Still in its infancy, IoT and any new technology has its issues, especially with regards to internet security and privacy.

How can healthcare organisations become smarter than cyber-criminals to protect their systems and patients?

The IoT for medical device shifts the focus towards the consumer end, enabling healthcare providers to automatically collect information and apply decision support rules to allow for earlier intervention in the treatment process.

Mr Grimm explained: “In the simplest terms, the IoT seeks to connect all kinds of devices to the internet so they can collect and share data.

“Look closely at any organisation’s digital transformation initiatives, and you’ll find that the IoT is the linchpin of almost every one of them.

“Organisations in every sector and of all sizes are discovering and benefiting from the opportunities it provides.

“The ability to capture and analyse data from distributed connected devices offers the potential to optimise processes, create new revenue streams and improve customer service.”

Unfortunately, medical companies often do not consider the security risks of connecting these devices to the internet exposing themselves to new security vulnerabilities due to increased network connectivity, which expands the potential attack surface for cyber criminals.

It is therefore imperative that healthcare organisations implement a data protection strategy that protects its large amounts of sensitive patient information.

He adds: “Whether it’s a healthcare organisation or a business operating in another sector, the best defence in cybersecurity is a proactive one.”

“Encryption is a very valuable tool, but only if the keys that are used to encrypt and decrypt are properly protected and managed.

“Hardware security modules are ideal tools to perform that function, and can also be used to create identities for people and devices so they can be strongly authenticated in networked environments.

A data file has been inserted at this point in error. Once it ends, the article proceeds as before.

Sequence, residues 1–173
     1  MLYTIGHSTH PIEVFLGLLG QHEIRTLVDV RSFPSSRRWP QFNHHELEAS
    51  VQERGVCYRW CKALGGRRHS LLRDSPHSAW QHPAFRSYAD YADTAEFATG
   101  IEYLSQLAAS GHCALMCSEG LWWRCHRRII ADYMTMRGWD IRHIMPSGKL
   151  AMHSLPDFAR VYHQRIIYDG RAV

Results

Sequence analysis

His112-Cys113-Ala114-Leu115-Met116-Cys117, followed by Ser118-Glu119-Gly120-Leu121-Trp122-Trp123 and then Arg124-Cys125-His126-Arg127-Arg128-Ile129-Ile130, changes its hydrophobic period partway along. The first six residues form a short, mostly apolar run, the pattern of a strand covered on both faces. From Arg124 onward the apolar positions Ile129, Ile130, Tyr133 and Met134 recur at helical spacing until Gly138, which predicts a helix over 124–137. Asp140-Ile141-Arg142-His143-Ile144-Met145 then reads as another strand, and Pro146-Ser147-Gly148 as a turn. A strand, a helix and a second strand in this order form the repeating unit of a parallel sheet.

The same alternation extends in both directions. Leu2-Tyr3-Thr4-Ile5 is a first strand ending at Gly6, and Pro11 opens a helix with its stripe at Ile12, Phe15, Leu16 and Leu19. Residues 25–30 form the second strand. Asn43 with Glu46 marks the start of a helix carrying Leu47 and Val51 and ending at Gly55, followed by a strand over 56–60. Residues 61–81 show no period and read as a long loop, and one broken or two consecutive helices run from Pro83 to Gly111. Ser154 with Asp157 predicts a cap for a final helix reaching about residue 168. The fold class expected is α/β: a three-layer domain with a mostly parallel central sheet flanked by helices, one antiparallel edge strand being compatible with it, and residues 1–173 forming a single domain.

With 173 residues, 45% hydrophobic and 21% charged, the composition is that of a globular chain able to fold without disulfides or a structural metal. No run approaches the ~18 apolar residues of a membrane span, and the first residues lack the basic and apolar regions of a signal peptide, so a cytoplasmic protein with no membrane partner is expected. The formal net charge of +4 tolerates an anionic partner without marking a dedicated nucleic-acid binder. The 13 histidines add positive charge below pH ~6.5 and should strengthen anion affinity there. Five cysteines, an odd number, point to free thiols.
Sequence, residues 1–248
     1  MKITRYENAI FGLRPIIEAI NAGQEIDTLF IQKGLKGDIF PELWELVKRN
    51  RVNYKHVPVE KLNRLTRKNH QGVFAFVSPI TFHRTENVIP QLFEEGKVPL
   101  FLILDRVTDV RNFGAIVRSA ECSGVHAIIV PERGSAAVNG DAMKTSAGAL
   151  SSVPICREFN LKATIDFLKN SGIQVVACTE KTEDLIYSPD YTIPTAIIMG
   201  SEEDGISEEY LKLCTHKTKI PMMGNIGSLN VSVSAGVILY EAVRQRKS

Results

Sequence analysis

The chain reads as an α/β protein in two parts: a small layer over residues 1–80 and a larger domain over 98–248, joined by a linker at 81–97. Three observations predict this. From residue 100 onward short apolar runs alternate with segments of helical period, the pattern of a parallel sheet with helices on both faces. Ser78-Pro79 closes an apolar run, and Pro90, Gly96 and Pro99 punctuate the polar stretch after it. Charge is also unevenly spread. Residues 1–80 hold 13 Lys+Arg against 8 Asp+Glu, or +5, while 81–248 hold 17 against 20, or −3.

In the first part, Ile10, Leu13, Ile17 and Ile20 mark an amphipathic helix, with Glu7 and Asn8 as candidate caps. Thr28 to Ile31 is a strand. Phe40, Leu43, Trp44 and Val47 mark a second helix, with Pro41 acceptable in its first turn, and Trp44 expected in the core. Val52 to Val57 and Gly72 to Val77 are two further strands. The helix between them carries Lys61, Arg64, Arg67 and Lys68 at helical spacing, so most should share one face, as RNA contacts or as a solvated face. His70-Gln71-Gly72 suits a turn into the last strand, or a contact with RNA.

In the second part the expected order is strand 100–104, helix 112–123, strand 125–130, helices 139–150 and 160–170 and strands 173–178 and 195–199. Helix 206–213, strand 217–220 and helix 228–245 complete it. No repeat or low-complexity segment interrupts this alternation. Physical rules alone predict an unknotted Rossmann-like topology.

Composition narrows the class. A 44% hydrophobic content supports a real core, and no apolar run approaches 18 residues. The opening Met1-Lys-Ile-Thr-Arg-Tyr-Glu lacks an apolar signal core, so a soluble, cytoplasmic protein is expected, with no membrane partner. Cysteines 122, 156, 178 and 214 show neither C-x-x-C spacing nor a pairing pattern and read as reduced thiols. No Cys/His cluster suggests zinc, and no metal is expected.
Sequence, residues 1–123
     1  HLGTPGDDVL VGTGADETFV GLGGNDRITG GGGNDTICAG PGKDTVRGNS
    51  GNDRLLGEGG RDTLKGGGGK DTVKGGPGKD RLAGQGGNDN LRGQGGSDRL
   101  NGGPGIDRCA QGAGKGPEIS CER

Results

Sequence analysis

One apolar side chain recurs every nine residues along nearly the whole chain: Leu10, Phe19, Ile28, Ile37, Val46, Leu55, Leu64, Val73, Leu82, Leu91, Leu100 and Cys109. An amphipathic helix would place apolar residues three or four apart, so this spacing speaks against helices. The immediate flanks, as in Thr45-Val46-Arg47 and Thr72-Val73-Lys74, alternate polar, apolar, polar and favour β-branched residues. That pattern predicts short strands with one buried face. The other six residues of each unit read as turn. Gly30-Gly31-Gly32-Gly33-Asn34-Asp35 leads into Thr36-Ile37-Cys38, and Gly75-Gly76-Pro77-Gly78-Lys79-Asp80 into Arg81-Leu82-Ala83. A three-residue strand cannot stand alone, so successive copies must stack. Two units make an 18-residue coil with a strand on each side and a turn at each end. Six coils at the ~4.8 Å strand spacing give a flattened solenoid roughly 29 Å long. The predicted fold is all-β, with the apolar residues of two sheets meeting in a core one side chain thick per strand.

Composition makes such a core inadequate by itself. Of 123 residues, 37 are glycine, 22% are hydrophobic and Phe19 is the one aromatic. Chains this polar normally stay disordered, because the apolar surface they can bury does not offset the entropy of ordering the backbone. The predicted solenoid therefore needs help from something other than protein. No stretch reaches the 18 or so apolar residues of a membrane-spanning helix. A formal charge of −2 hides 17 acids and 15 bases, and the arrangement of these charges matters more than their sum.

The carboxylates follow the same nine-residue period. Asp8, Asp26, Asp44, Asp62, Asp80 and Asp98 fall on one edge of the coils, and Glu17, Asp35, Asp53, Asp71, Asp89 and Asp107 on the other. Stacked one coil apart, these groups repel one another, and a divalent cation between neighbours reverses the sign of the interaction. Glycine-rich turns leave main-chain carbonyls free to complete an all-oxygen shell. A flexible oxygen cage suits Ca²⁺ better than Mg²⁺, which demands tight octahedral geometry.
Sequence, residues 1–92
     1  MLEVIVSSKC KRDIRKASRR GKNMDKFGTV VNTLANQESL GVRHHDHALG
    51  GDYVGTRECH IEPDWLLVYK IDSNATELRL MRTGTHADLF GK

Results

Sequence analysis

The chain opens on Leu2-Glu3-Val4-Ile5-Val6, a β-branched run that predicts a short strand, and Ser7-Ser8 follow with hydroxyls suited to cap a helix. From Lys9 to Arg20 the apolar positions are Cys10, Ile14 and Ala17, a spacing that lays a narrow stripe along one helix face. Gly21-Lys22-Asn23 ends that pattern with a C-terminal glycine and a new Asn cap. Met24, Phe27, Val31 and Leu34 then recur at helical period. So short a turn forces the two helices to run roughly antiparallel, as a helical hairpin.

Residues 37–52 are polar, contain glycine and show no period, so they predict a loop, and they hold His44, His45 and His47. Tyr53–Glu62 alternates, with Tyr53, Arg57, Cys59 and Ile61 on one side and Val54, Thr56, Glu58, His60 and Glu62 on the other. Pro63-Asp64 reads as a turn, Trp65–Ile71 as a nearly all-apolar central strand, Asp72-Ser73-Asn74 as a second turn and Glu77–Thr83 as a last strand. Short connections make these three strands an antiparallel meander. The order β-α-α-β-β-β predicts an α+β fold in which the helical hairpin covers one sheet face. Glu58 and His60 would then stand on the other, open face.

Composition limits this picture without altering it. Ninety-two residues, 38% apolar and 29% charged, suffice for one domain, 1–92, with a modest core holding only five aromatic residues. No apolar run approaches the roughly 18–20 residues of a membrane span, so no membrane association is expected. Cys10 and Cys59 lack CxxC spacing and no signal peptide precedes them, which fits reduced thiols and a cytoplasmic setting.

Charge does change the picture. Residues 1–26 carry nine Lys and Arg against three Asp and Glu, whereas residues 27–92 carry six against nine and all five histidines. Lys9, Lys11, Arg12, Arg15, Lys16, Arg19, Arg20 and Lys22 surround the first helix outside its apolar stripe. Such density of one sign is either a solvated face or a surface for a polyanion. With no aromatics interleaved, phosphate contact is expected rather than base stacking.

How AI plays a role in increasing as well as limiting the security shortcomings?

As it’s constantly evolving, an array of companies are investigating the usage of AI and machine learning to understand how to protect their systems against cyber-attacks.

Despite the many risks it presents including malicious corruption or manipulation of the training data, integrating AI into their security systems can both protect and upgrade to protect their systems by early detection and responses.

The benefits of using AI to analyse data could be huge for the healthcare industry as they could help alleviate the resourcing and financial struggles currently facing the NHS, and help produce better diagnoses to improve outcomes, explained Mr Grimm.

He said: “Even though increased connectivity increases risks and creates security challenges for the devices, this doesn’t mean healthcare organisations should shy away from innovating.

“They just need to be committed to implementing a thorough cybersecurity strategy utilising established best practices and defence in depth.

“This, alongside employee education and an accompanying set of policies and procedures, can help healthcare professionals reap the benefits of technology and strengthen their overall security posture.”

Medical devices require adequate defence measures and focused attention as many were not designed for today’s connected environment or with well-established security principles in mind.

Clearly setting out the design features and cyber security controls at the start of the design and development process is important to assess the risk these devices pose, and develop compensating controls where needed.